Five ways to support PhD students’ well-being
Doctoral researchers are often absent from university discussions around well-being support, writes Jenny Mercer. Here, she argues that their situation requires bespoke attention and sets out ways this might be achieved
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Doctoral researchers (DRs) report higher levels of stress and are at an elevated risk of mental ill health compared with undergraduates and the wider population. This is due not to pre-existing mental health problems, but rather to factors specifically associated with doctoral research programmes.
Yet this group is frequently left out of discourse around well-being support at higher education institutions. In fact, they need tailored attention. It is critical that those responsible for DRs’ pastoral care understand the elements that contribute to this issue to enable them to foster a healthy sense of well-being.
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The UK Council for Graduate Education (UKCGE) acknowledges the need for support in its Good Supervisory Practice Framework. Here, supervisors are informed that they should be aware of the personal issues that their supervisees might be experiencing and be able to refer them to the appropriate services. They are also encouraged to acknowledge that they can be role models (especially in the maintenance of a work-life balance).
However, when this advice is applied to a cohort who rarely have personal tutors and are often absent from the dialogue about “student experience” in higher education, it can leave supervisors feeling a heavy weight of responsibility.
Below are five ways in which universities can support supervisors to support their supervisees’ well-being.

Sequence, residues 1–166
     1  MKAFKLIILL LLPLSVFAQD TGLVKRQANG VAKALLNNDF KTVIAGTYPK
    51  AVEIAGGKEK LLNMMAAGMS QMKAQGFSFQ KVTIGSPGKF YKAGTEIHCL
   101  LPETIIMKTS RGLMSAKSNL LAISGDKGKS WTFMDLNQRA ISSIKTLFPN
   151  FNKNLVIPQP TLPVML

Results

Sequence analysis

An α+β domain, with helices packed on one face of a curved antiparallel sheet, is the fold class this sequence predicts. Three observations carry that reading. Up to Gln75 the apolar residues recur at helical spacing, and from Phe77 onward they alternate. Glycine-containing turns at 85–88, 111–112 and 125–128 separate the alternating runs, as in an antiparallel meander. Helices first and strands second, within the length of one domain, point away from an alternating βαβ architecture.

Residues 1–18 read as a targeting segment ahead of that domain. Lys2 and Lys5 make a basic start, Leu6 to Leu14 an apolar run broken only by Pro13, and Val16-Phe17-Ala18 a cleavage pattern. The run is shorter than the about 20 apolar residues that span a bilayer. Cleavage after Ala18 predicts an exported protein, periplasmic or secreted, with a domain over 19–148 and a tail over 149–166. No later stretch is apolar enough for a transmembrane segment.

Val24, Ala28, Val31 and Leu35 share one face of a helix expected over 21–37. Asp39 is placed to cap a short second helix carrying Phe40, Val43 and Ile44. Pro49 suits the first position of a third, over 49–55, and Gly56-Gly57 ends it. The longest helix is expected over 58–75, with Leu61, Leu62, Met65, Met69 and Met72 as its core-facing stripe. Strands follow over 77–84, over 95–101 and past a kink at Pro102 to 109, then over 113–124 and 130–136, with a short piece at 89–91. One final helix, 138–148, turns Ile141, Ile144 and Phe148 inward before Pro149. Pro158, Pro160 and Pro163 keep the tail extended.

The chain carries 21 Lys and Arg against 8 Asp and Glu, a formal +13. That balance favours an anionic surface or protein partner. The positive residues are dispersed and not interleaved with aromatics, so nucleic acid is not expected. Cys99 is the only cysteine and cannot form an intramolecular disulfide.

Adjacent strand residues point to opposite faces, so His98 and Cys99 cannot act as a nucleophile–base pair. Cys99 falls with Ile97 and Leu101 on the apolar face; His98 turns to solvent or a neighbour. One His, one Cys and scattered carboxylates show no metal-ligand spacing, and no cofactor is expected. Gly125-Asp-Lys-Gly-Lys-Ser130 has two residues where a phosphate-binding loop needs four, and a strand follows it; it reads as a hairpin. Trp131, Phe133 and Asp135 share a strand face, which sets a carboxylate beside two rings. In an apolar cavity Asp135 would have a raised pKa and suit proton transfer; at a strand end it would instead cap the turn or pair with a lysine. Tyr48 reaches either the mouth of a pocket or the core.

1. Acknowledge that doctoral researchers are different
DRs’ stress levels might be exacerbated by (or can be attributed in part to) factors specific to the doctoral education environment (for example, isolation, role conflict and supervisory relationships). Doctorates are less structured than taught programmes; they aim to generate new knowledge, with each DR focusing on a tailored research question. DRs work exclusively with a small team of supervisors, over several years, and the relationship with this group is core.
Their status within the university is unusual – somewhere between student and staff (for instance, DRs might support teaching, so they might have a contract as a tutor). By the nature of the entry requirements, they are likely to be older than typical undergraduate students, which often means that they have additional financial and caring responsibilities. They are frequently located in doctoral schools, with programmes governed by research rather than learning and teaching regulations. As such they sit outside the usual structures, yet are expected to seek support from centralised services that more regularly deal with undergraduates.
2. Have people dedicated to advocating for doctoral researchers